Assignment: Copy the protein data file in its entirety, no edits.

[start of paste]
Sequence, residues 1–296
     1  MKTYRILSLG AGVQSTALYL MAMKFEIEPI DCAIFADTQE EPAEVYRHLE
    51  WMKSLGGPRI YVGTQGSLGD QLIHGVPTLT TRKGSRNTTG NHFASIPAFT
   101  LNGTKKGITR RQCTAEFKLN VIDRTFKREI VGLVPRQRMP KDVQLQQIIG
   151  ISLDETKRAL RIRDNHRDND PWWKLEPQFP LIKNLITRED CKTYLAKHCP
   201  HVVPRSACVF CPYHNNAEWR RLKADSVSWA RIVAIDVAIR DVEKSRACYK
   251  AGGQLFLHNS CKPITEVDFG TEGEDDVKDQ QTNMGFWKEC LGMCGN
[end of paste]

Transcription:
Sequence, residues 1–296
     1  MKTYRILSLG AGVQSTALYL MAMKFEIEPI DCAIFADTQE EPAEVYRHLE
    51  WMKSLGGPRI YVGTQGSLGD QLIHGVPTLT TRKGSRNTTG NHFASIPAFT
   101  LNGTKKGITR RQCTAEFKLN VIDRTFKREI VGLVPRQRMP KDVQLQQIIG
   151  ISLDETKRAL RIRDNHRDND PWWKLEPQFP LIKNLITRED CKTYLAKHCP
   201  HVVPRSACVF CPYHNNAEWR RLKADSVSWA RIVAIDVAIR DVEKSRACYK
   251  AGGQLFLHNS CKPITEVDFG TEGEDDVKDQ QTNMGFWKEC LGMCGN